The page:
Facebook founder and CEO Mark Zuckerberg gave a headline-generating speech at the first Facebook Community Summit on June 22.
Here is a representative sampling of the headlines:
“Mark Zuckerberg: Facebook can fill the role played by churches” (Fox News)
“Mark Zuckerberg: Facebook can play a role that churches and Little League once filled” (CNBC)
“Mark Zuckerberg says Facebook is ‘the new church’” (New York Post)
“Facebook a replacement for church involvement?” (WND)
Weeks later, due to my Christian faith, Zuckerberg’s controversial remarks remain in my thoughts along with parallels to the Tower of Babel, an Old Testament Bible story.
Written in the book of Genesis (11:1-9) with only nine short verses, the story is forever referenced by the English word “babel,” meaning a confused mixture of voices or sounds.
To summarize, the Tower of Babel is about the people of the known world who at the time spoke only one language. As verse 4 specifies, empowered by their unity of language, they said, “Come, let us build ourselves a city, with a tower that reaches to the heavens, so that we may make a name for ourselves; otherwise we will be scattered over the face of the whole earth.”
The Lord was not pleased when he saw the people building a city with a tower that glorified only them.
In verse 6, the Lord says, “If as one people speaking the same language they have begun to do this, then nothing they plan to do will be impossible for them.”
The verse 6 footnote in my NIV Study Bible further explains why the Lord disapproved of the project, “The kingdom of man would displace and exclude the kingdom of God.”
Verse 7 reveals the Lord’s plan to punish and exert His control over these rebellious people when He says, “Come, let us go down and confuse their language so they will not understand each other.”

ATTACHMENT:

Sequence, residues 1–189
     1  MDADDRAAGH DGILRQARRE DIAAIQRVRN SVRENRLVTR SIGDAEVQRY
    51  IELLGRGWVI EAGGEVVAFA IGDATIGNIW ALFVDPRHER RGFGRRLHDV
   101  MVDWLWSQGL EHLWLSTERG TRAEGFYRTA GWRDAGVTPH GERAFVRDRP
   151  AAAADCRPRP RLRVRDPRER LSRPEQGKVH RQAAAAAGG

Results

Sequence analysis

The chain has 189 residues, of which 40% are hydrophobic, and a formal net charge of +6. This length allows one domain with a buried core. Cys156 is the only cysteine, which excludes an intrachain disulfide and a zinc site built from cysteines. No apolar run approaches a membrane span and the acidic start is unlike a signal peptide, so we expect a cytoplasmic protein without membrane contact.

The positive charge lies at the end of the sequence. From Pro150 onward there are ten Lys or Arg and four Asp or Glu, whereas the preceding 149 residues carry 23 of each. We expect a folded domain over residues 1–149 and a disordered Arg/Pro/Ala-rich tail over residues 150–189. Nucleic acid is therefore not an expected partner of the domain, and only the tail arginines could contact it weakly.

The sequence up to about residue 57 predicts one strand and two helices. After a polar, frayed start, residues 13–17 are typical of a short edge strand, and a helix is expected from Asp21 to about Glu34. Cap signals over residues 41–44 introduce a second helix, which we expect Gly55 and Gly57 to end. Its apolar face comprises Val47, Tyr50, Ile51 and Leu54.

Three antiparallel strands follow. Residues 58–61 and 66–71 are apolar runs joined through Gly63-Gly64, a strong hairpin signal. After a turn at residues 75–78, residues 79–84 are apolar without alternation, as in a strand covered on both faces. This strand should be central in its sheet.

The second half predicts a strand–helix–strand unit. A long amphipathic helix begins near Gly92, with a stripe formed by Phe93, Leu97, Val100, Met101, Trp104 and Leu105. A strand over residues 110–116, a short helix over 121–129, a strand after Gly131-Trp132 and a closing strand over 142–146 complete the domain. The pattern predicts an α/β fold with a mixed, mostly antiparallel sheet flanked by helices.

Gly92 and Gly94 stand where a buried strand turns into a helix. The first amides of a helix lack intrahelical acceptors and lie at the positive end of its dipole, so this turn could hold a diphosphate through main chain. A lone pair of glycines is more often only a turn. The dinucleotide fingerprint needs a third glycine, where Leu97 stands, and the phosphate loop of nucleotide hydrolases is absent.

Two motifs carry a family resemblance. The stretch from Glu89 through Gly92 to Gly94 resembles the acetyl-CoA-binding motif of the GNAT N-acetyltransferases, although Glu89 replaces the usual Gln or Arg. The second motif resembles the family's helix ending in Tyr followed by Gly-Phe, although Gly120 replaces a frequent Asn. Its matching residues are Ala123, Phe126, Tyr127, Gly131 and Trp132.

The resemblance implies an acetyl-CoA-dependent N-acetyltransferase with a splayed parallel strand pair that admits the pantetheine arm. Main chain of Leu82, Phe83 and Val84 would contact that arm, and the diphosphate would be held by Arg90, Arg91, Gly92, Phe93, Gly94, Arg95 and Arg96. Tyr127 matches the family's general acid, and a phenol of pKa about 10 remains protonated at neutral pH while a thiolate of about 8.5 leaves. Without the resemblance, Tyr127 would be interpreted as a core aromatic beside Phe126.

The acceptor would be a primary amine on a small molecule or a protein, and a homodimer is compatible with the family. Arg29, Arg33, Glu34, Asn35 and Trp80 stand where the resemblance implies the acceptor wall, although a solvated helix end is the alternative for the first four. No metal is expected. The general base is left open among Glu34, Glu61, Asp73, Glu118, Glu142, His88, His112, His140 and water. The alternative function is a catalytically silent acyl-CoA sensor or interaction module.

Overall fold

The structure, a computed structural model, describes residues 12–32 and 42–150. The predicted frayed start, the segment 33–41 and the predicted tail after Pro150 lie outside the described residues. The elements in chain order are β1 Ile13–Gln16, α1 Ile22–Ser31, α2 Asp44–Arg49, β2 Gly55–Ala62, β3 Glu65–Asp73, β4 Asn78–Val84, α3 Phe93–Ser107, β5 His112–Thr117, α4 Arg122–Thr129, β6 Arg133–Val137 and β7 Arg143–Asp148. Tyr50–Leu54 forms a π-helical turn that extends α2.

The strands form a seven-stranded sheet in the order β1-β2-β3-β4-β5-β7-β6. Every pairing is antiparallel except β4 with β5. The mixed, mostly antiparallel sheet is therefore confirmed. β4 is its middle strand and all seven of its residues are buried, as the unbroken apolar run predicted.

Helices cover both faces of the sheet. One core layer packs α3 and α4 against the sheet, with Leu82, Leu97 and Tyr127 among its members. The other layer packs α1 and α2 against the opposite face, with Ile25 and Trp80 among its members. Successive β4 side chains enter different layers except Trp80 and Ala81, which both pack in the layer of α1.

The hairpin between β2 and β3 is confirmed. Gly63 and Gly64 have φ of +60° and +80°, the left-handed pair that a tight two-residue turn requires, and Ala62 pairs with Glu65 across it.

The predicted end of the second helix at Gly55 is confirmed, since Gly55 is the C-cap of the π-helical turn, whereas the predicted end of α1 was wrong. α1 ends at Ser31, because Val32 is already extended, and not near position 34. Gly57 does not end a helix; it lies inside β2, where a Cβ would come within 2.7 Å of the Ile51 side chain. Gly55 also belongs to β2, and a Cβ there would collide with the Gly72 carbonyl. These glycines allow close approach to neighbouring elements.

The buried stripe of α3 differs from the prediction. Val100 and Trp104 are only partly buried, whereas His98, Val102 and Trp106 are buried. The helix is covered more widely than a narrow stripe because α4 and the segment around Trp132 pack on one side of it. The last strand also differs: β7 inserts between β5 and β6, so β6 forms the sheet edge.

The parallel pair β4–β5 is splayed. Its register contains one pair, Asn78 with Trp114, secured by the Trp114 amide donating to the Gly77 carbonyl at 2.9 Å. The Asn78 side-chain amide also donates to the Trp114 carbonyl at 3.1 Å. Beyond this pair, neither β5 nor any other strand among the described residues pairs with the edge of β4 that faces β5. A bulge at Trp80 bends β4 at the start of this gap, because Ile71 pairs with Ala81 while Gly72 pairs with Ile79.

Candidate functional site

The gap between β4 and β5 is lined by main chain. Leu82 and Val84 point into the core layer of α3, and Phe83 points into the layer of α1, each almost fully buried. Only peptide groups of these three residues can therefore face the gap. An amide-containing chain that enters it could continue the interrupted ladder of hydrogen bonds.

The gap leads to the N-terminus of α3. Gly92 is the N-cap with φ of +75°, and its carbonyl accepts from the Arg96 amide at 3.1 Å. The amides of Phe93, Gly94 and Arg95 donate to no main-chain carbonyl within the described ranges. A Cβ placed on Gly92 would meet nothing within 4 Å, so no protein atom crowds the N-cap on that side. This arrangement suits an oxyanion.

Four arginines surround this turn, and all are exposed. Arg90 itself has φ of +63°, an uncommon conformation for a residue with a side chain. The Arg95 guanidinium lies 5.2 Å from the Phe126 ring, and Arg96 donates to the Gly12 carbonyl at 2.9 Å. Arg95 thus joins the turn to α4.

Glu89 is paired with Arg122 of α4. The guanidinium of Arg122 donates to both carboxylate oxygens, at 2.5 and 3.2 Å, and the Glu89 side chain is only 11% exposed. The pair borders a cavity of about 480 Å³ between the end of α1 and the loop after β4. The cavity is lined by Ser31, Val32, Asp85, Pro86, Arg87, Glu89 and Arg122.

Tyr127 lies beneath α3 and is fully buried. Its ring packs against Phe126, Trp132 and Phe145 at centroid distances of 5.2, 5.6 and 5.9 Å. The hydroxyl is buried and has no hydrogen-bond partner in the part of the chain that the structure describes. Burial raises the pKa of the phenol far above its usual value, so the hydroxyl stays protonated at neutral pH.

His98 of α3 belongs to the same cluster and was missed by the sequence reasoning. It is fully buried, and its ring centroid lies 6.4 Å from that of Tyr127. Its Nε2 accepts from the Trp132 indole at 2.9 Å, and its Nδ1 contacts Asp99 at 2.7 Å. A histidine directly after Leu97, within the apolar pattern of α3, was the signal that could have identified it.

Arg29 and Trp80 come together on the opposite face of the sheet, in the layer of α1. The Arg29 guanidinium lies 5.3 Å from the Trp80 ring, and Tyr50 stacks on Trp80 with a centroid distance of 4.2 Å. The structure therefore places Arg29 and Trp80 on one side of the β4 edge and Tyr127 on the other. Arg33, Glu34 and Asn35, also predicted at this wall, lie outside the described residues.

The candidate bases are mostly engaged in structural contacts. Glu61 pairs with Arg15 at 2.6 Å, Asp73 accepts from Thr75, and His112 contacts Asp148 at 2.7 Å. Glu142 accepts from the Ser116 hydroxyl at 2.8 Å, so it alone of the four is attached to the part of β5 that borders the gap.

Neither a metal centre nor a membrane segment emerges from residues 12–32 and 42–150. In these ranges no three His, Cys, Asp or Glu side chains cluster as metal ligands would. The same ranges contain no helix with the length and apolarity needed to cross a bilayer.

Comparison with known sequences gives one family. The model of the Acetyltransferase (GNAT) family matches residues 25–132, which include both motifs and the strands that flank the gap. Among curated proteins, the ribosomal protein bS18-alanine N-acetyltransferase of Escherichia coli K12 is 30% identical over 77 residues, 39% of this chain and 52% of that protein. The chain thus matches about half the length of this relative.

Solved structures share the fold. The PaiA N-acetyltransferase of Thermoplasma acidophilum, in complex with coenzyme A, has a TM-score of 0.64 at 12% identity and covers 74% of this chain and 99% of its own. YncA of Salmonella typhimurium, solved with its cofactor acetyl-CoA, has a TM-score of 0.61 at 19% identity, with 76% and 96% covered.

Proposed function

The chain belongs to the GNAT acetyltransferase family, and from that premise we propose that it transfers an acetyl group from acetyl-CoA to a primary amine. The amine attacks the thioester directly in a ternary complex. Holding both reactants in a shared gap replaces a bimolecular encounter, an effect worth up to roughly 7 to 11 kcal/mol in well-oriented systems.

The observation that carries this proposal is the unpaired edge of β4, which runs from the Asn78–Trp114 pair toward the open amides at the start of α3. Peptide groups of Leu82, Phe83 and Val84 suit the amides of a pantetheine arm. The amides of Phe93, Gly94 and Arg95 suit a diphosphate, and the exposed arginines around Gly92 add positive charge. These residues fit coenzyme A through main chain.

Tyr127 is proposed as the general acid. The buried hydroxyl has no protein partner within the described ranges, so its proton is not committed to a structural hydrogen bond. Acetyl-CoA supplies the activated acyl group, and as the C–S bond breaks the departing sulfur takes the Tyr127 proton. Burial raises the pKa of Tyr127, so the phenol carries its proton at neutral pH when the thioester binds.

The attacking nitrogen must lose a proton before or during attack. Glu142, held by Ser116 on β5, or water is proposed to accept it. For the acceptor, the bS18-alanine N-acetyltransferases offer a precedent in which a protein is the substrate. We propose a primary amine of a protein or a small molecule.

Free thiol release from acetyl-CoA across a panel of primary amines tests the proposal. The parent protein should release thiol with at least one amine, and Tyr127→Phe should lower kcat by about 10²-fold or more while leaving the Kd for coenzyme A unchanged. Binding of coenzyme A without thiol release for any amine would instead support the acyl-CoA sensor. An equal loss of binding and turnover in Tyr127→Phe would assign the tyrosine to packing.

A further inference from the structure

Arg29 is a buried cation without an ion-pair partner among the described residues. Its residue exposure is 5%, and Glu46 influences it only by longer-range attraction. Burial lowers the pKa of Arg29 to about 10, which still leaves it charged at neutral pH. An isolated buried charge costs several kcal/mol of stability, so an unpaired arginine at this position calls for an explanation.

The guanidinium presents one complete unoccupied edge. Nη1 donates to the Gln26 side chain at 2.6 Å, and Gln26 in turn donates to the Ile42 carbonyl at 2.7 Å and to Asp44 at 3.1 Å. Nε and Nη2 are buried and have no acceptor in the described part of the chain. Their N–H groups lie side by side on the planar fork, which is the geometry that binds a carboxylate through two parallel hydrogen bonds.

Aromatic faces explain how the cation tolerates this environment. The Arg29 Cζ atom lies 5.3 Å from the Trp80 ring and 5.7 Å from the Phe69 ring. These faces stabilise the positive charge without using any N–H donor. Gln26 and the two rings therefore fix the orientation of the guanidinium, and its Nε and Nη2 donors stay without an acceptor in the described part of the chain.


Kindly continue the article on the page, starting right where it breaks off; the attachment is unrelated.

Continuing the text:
Finally, in verses 8-9 are the consequences of prideful, self-centered actions:
“So the LORD scattered them from there over all the earth, and they stopped building the city. That is why it was called Babel – because there the LORD confused the language of the whole world. From there the LORD scattered them over the face of the whole earth.”
Again, the NIV Study Bible footnote perfectly summarizes the meaning of the story:
“God dispersed the people because of their rebellious pride. Even the greatest of human powers cannot defy God and long survive.”
Now let’s circle back to the words of Mark Zuckerberg. While presenting Facebook’s new mission statement at the first Facebook Community Summit, he said:
Our full mission statement is: give people the power to build community and bring the world closer together. That reflects that we can’t do this ourselves, but only by empowering people to build communities and bring people together.
Facebook’s current global reach of 2 billion users signifies a powerful growing force that is now officially being harnessed to “bring the world closer together.” But Zuckerberg lamented that because only 100 million Facebook users have joined “meaningful communities” within Facebook, his new goal is “1 billion.” (Of course, “meaningful” is whatever issue, concern, event, or thing that is meaningful to you and your group.)